Effective October 9, 2020, the western Joshua tree, Yucca brevifolia, is a Candidate species for listing under the California Endangered Species Act. A member of the Agave family, Joshua trees are native to arid regions in Southern California. Standing 5 to 20 ft. tall, Joshua trees have stiff, narrow leaves, and greenish-white flowers that bloom in the spring and are pollinated by moths. A slow-growing and iconic presence in the high desert, Joshua tree populations have recently been threatened by extreme heat, drought and wildfires.
As a Candidate species, Joshua trees are afforded the same protections as a state-listed endangered or threatened species. This protection may continue at the State-level once a final determination is made. Consequently, any activity that results in the removal and alteration of, or disturbance of the seedbank surrounding Joshua trees will require an Incidental Take Permit issued by the California Department of Fish and Wildlife. For more information about the new protections afforded Joshua trees, download our fact sheet: Joshua Tree-Protections-flyer.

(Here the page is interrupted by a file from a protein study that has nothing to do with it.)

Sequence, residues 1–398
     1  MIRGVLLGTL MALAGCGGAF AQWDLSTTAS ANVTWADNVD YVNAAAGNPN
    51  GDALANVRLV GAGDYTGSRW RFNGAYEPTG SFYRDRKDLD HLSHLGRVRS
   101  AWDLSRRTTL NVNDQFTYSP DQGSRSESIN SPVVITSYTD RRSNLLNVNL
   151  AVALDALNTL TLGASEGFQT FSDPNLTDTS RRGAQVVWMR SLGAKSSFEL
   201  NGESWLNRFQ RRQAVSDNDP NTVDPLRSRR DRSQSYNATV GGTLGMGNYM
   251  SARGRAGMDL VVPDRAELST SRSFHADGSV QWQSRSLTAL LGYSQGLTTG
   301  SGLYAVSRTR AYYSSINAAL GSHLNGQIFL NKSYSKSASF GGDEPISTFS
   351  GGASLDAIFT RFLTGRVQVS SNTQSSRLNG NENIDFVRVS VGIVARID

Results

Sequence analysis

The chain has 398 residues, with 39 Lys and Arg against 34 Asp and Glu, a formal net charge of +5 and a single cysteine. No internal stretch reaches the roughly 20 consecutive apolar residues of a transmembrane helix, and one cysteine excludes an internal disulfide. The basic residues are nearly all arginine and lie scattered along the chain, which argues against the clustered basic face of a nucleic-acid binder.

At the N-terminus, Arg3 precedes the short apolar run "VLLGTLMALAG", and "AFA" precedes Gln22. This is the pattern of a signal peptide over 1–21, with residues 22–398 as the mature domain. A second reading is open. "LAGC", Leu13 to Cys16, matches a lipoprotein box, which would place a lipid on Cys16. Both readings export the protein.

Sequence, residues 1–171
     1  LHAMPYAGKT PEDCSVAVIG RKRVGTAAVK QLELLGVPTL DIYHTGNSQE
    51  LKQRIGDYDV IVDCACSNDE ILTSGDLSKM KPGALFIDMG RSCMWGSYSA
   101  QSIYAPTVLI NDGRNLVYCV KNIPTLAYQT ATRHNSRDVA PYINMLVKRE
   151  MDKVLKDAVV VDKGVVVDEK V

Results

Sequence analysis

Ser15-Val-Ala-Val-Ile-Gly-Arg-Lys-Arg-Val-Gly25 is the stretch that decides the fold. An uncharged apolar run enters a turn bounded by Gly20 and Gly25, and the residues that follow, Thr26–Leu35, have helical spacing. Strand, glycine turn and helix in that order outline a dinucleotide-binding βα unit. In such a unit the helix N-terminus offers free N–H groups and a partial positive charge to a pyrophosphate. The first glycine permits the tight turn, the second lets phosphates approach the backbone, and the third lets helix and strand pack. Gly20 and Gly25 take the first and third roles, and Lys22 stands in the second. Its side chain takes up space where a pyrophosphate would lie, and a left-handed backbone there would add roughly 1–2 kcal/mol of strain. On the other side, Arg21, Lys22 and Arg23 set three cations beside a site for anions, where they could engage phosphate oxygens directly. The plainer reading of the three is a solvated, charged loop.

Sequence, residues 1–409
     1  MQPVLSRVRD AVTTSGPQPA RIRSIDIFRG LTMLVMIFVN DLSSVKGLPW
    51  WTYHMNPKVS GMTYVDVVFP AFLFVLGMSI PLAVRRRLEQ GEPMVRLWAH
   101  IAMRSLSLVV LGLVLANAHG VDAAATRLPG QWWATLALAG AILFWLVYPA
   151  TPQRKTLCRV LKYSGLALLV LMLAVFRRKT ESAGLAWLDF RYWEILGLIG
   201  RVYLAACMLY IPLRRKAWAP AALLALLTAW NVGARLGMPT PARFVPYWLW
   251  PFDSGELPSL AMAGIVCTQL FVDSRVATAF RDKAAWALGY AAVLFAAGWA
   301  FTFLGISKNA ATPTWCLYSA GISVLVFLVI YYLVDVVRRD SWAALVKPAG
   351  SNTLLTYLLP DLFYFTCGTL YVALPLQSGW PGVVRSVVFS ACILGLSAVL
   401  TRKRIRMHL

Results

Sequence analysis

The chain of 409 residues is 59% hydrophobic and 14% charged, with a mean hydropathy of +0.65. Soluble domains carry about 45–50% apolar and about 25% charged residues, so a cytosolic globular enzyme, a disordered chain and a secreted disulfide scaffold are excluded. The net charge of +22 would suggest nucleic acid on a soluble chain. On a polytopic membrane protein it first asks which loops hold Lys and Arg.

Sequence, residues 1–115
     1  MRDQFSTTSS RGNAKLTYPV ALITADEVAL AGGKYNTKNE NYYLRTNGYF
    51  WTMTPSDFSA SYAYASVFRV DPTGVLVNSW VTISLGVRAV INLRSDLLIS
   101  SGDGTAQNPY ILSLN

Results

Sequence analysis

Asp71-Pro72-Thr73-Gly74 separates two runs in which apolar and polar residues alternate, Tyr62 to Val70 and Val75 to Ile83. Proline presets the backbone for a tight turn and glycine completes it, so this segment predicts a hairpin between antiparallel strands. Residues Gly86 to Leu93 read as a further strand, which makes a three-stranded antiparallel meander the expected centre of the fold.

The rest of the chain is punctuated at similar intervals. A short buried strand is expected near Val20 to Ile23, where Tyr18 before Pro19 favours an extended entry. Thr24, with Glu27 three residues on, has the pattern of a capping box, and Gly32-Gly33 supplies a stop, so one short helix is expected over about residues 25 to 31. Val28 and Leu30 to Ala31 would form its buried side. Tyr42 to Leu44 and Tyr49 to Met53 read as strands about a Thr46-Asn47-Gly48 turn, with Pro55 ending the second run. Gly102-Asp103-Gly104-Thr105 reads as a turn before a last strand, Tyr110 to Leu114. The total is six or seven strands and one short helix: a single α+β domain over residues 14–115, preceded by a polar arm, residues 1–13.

At the County-level, Joshua trees are a permanently protected biological resource and impacts require a permit.